Reginald S. Lewis
Graterford, Pennsylvania 19426
SET THE LIFER'S FREE
They are mostly sickly old Cats now. Their noble gait slower and measured but their minds far more keen and sharply focused. In the criminal ecology of the underworld, they were ruthless Gobmas, or shrew Black Mafia, cold-eyed Bandoleros, or former members of some of the baaadest, largest fiercest crews in gangdom.
Decades spent in the interminable shuttle of one state prison after another has significantly softened their moods, as well as their hardened exteriors.
On June 25, 2012, in companion cases known as Miller v. Alabama, 132 S Ct. 2455, the United States Supreme Court held: "Mandatory life imprisonment without parole for those under the age of 18 at the time of the crime violates the Eighth Amendment's prohibition on cruel and unusual punishment." Lifers in the state of Pennsylvania collectively believe that the language in these cases (as well as the mandates in the prior US Supreme court precedents) gives them legal justification to challenge their convictions for First and Second degree murder. If age is clearly not a distinguishing factor in the Pennsylvania murder statute - the logic goes that juveniles and adults are in a "single statutory class." Because the Equal Protection Clause forbids "age discrimination".
And we wholeheartedly agree with the dissenters in Miller/Jackson that this "decision invalidates the laws of dozens of Legislatures and Congress."
For in Graham v. Florida, 560 US the Supreme Court wisely noted: "The penalty when imposed on a teenager, as compared with an older person is therefore the same...in name only." The Court observed in Eddings v. Oklahoma, 455 US 104, 110-112 (1982), that "Youth is more than a chronological fact."
In reaching its conclusion in Miller/Jackson, they stated: "This court has not relied on legislative enactments in the same way". Instead, they chose to rely on the scientific findings that a child's biological and developmental process and maturation isn't complete until they reach their mid twenties. Then the studies in the annals of American Psychiatry riddled with evidence of mental abnormalities in adults cannot be ignored.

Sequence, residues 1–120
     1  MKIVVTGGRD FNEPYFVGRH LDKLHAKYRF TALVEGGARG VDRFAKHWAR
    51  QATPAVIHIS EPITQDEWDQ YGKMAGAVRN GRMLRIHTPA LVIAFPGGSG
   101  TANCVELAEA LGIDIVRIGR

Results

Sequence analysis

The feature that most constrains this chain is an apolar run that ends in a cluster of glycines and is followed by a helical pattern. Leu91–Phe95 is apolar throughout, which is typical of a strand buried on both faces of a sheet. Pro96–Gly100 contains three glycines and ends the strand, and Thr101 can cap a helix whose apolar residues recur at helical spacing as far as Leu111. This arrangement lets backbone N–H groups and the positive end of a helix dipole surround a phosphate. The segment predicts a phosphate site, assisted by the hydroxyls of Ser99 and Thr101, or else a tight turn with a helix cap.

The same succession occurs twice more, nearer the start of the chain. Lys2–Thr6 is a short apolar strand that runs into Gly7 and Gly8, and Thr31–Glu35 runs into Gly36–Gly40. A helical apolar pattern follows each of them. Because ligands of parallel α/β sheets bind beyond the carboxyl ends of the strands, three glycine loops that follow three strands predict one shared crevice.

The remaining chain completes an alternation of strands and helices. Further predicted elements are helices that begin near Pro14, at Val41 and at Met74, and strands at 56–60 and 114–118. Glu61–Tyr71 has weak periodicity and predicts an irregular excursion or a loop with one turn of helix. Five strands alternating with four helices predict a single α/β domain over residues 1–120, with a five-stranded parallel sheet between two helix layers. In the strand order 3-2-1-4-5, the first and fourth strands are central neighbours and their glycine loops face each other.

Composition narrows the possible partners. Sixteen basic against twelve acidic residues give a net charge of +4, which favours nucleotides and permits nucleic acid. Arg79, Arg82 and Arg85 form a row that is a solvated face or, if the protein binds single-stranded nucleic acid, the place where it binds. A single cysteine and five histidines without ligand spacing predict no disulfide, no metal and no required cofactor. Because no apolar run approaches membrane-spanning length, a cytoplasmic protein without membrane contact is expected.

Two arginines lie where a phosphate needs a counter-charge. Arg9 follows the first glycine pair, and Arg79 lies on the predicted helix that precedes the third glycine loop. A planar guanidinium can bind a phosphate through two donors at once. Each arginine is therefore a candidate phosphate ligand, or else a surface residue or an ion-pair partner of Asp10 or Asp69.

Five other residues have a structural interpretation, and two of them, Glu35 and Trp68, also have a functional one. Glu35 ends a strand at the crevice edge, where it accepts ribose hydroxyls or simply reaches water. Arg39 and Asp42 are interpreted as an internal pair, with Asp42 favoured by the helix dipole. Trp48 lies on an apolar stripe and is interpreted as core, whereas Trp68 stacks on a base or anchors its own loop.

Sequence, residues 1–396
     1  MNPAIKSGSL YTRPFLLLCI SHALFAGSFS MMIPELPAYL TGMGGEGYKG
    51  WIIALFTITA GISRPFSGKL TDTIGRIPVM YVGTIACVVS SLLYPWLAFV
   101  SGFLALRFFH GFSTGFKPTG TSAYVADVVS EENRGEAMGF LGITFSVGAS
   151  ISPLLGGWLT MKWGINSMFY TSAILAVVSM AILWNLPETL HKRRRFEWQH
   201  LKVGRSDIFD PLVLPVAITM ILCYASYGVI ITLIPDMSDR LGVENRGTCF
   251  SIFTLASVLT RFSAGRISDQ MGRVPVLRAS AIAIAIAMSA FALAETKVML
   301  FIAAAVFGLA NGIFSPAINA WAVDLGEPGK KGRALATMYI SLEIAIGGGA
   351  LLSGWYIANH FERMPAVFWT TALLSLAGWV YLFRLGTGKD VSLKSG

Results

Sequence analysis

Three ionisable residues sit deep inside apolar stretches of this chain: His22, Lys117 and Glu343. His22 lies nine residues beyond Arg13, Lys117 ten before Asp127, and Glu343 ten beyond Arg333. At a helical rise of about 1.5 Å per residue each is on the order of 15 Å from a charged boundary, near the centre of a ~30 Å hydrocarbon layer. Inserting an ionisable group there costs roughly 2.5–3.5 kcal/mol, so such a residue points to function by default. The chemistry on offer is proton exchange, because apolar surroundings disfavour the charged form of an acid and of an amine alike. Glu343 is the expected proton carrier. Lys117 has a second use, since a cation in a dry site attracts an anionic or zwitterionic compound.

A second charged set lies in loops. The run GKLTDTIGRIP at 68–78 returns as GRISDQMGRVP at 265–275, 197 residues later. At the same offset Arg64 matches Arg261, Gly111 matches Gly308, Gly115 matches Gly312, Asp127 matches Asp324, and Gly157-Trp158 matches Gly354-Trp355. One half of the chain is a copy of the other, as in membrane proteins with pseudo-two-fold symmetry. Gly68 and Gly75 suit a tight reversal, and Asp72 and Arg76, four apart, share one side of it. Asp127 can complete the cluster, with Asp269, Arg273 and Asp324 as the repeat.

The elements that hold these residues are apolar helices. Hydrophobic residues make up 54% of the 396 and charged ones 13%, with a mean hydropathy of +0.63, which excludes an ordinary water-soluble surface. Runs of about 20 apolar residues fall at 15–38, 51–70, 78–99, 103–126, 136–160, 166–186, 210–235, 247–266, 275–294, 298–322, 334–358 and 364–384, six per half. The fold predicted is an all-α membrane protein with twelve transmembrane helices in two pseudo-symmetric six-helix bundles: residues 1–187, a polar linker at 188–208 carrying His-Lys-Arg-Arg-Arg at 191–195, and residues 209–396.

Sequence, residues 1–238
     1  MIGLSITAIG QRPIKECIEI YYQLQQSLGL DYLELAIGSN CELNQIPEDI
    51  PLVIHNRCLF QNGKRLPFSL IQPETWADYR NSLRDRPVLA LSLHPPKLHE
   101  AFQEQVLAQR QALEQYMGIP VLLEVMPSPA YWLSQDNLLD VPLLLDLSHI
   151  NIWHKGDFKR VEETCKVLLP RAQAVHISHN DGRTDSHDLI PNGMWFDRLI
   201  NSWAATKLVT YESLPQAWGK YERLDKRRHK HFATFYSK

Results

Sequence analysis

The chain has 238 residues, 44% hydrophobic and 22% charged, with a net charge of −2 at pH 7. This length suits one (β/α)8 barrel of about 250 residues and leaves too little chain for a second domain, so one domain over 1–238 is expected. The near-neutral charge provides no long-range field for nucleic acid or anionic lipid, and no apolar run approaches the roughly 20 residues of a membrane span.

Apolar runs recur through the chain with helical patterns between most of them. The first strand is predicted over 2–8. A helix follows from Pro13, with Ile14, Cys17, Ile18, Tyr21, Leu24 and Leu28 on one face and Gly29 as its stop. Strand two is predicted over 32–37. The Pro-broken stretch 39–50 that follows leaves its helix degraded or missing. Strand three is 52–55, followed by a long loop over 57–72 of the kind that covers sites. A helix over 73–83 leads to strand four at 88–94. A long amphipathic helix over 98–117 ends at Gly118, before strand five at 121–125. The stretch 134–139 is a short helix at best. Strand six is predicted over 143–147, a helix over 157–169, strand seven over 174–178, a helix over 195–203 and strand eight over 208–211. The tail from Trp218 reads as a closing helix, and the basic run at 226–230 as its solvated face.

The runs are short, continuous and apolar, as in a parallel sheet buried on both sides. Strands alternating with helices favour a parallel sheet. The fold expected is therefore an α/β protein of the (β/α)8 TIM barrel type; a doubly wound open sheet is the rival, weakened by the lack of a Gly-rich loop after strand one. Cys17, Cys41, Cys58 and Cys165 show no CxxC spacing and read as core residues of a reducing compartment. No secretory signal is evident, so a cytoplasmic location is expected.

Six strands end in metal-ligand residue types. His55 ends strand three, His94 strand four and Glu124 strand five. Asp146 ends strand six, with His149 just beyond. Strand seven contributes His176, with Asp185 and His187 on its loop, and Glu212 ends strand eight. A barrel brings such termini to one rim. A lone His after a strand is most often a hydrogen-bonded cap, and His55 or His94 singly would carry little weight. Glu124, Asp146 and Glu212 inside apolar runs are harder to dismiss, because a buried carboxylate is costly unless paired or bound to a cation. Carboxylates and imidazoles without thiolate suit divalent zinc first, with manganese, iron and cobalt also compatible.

For as a society, we cry when we hear or read about the most horrific crimes committed by these offenders. But have we ever thought to ask when or how a criminal defendant, charged with a violent offence got this way? Shouldn't the courts insure poor defendants the constitutionally mandated right to a fair trial by appointing forensic psychiatrists and other mental health experts to aid juries in understanding unexplored areas of the brain? Shouldn't it matter? After all, these troubled souls could've been raised in a dysfunctional home, where they were horribly, sexually abused. And what about the great social experiment that produced the mutated species of crack babies who emerged from the womb kicking, screaming, angry at the new world? They lead fractured lives. These wayward orphans were sent to one foster home after another. Some become homeless. Street urchins. Living from day to day. Hand to mouth. Some are brutally raped. Pimped. Turned out. Strung out. And this we know: others spent their adolescent years living in the war-zones of the seedy, bullet-riddled and piss-stained projects, where they were forced to join a violent street gang in order to survive. And what about the psychological and verbal abuse many of them have suffered through? And those who were bullied, tormented, and marginalized because of their sexual orientations, poverty, faith, cultural and language differences, their "otherness" or racial classification? But who really cares? We label them as "those who slipped through the cracks". The "throwaways". The wretched of the earth. Often their trauma and mental infirmities are hidden, invisible and undiagnosed. These collective, social maladies are exasperated by circumstances, peer pressure, drugs and alcohol and environment and compounded by a plethora of unforeseen events and - in an instant - act as a trigger. In that crucible of a tragic moment - unrequited rage and hatred and confusion and destructive behavioural patterns - they find themselves languishing in prison for life - or on death row.